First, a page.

Students, employers look to the future at Career Expo

Students, employers look to the future at Career Expo

Written by Mary Clarkin, The Hutchinson News, November 15, 2016 – Lyons High School junior Mackenzie Oster said she didn’t know anything about Colby Community College before she arrived Tuesday morning at the Career Expo: Planning for Their Future at the Hutchinson Mall.

Now, Colby is on Oster’s short list, along with Barton Community College.

“Me and animals get along,” she said, and Colby’s veterinary technician program appeals to her.

 Oster also stopped at the Hutchinson Police Department’s booth and learned about the job of animal control officer.

“Do I have to go to college for that?” she asked. No, and she wouldn’t have to carry a gun, police told the not-a-fan-of-guns Oster.

In the meantime, the Hutchinson Animal Shelter welcomes volunteers, the police suggested.

And that prompted some questions about volunteering at the shelter from the curious Oster.

ESSDACK’s first annual two-day Career Expo is aimed at introducing students to new possibilities and showing them how they can achieve them. Over 2,600 students will visit at least some of the 100-plus exhibits before the Career Expo wraps up today.


It’s a perfect storm for the heating-ventilation-air conditioning industry, according to Keven Ward, at Trane’s booth.

HVAC technicians are an aging workforce, and building structures and the grid are aging, too, he said. There is a “super-high demand” for workers in climate and energy control technologies, Ward said.

The median salary for HVAC technicians in the Midwest is just under $50,000 a year. When students hear that, Ward said, their faces light up.

Labs where students can receive hands-on training are available at Washburn Tech and at Wichita Area Technical College. Only steps away from the Trane booth was a series of Washburn booths – 10 different stations in all – highlighting technologies.

They requested that, said ESSDACK leadership consultant Mike Sanders of the Trane-Washburn proximity. Sanders noted BTI, which sells John Deere equipment, was near a booth showcasing the John Deere TECH Program.

At some sites, students were behind the booth, able to provide information to their peers. Hutchinson High School student Tyler Brawner has taken welding and machining classes. By the end of this school year, she’ll have about 30 college credit hours.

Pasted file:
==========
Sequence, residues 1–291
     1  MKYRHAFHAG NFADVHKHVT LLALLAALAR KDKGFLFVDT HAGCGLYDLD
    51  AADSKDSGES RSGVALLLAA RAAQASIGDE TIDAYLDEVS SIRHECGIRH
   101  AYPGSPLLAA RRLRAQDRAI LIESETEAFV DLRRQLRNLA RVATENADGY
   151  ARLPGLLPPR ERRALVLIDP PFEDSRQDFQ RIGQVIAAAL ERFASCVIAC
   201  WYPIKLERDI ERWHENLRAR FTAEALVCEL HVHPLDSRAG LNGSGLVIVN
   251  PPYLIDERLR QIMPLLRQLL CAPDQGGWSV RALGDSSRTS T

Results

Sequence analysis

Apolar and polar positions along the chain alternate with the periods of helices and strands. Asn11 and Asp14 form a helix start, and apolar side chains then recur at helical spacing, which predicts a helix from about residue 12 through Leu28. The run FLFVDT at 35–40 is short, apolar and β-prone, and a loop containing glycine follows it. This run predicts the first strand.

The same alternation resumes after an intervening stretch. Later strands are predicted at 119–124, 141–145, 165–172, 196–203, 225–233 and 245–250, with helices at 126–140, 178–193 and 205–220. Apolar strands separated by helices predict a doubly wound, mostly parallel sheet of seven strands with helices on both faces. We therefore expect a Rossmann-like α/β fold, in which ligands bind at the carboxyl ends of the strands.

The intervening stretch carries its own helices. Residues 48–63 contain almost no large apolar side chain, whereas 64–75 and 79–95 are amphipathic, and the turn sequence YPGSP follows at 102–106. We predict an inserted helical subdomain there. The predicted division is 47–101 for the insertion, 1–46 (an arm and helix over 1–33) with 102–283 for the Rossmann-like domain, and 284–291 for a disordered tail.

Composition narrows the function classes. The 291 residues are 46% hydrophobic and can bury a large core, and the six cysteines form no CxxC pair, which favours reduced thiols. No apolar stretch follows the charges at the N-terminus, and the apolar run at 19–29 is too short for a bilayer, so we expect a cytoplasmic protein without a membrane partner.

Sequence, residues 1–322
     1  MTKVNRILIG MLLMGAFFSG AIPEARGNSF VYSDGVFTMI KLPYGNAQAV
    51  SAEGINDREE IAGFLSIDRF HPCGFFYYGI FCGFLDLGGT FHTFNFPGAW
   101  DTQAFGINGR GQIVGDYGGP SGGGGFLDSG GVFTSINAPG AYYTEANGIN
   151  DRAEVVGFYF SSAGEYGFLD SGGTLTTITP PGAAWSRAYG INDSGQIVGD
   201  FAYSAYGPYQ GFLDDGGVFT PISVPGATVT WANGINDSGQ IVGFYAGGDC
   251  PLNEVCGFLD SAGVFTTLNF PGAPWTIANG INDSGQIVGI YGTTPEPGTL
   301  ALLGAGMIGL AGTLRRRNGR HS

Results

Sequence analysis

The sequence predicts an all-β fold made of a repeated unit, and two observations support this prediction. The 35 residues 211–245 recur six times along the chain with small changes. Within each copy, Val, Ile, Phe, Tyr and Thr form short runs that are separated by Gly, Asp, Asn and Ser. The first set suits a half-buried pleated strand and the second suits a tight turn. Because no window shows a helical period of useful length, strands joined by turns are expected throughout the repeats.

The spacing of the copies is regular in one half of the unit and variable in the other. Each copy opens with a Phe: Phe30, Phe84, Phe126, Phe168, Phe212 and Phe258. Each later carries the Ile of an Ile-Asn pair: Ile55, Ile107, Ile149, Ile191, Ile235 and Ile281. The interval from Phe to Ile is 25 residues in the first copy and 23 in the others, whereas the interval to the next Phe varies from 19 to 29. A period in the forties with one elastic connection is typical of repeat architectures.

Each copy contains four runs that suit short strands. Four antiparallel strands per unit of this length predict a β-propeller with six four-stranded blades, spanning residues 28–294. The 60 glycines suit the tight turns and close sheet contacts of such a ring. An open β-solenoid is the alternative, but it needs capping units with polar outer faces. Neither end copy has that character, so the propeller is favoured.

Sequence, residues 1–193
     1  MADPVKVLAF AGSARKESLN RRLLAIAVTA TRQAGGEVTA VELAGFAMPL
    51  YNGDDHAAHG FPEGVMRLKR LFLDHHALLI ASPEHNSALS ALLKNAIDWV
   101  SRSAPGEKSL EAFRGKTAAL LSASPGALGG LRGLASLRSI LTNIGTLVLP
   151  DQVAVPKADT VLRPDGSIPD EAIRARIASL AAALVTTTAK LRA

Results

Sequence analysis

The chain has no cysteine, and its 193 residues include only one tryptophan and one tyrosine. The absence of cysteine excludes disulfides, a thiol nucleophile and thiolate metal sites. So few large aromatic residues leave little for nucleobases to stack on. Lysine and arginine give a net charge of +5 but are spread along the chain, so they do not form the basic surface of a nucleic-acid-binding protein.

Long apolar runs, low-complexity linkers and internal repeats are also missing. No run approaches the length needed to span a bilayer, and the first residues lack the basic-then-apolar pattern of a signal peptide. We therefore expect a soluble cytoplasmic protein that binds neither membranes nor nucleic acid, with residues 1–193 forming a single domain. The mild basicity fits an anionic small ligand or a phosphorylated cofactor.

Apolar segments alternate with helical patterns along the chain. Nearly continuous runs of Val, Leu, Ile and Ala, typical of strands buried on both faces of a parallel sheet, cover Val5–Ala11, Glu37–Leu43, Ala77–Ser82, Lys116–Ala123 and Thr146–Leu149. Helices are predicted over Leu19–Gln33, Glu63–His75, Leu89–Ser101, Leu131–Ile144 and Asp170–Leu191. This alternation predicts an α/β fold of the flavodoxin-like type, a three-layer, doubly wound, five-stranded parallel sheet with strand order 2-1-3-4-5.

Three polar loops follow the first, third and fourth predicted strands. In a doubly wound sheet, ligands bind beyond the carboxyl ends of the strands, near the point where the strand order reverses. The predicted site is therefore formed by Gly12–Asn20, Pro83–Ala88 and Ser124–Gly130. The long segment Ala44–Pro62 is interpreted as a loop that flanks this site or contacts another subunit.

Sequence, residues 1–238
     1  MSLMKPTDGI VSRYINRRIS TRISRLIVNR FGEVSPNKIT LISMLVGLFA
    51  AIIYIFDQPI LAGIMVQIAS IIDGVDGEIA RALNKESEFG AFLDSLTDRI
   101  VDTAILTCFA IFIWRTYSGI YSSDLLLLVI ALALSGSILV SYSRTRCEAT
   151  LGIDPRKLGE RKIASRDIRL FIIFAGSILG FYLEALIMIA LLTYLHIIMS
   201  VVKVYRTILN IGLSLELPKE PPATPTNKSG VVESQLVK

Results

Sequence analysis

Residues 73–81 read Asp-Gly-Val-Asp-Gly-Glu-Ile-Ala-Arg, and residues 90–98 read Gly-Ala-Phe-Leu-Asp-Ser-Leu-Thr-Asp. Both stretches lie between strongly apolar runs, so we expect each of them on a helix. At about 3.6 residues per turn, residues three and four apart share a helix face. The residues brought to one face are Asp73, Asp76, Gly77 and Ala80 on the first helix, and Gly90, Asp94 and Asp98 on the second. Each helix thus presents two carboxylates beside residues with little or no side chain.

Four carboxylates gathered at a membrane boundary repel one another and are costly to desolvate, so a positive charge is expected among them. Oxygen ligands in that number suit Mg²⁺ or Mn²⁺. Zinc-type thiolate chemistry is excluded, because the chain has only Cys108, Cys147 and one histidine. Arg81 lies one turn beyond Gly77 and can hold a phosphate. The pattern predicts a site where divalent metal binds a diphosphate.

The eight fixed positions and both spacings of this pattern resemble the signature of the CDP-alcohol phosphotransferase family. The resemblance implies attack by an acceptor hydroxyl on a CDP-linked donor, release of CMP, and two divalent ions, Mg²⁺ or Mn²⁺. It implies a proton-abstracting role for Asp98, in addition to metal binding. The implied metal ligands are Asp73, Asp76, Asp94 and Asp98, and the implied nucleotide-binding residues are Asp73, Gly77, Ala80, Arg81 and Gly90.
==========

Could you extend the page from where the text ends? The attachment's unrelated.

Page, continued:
Cloud County Community College sophomore Lucas Helget and freshman Shay Horton spoke about the school’s wind energy technology program, as well as college life. As for life after college, Horton said the worker shortage in wind energy makes it “number one in the nation for job placement.”

On their own

School buses from Barber, Ness, McPherson, Butler, Pratt, Rice, Harvey, Harper and Reno counties formed neat rows in the mall parking lot. Inside, though, it was what one booth worker described as “free form.” Students chose their own stops. Students moved in small groups or alone. Booths filled the mall’s corridors and branched into empty storefronts. The employers and community colleges and technical schools offered free gifts, such as pens, Frisbees, lanyards or keychains.

“It’s always helpful to give them something with the logo,” said Hutchinson Regional Healthcare System’s human resources representative Kacey Krehbiel, at a booth where students could pick up a pen or a little notebook.

Pretty Prairie High School junior Kassidy Keeler will turn 17 years old in December. She’s on track to earn a license as a certified nursing assistant in February. She eventually hopes to earn a bachelor’s degree in the nursing field, but at the Hutchinson Regional booth, she inquired how old a CNA had to be to work at the hospital. Seventeen, she was told.

At the Tyson Foods booth, some students asked about summer jobs and learned the minimum age was 18 years old and job-seekers could apply online.

Western Plains High School senior Rachel Cofer plans to head to college and was trying to look at everything at the expo. She stopped at Crossland Construction Co.’s booth and recruiting manager Amy O’Brien offered general advice. Some people, O’Brien said, take out loans and get a college degree only to find there aren’t job openings in that field.

Cofer repeated later the career advice O’Brien offered that stood: Make sure it’s something you love to do.

Sanders was pleased with the inaugural Career Expo and could envision the event outgrowing the mall.

“I don’t see this regressing,” he said.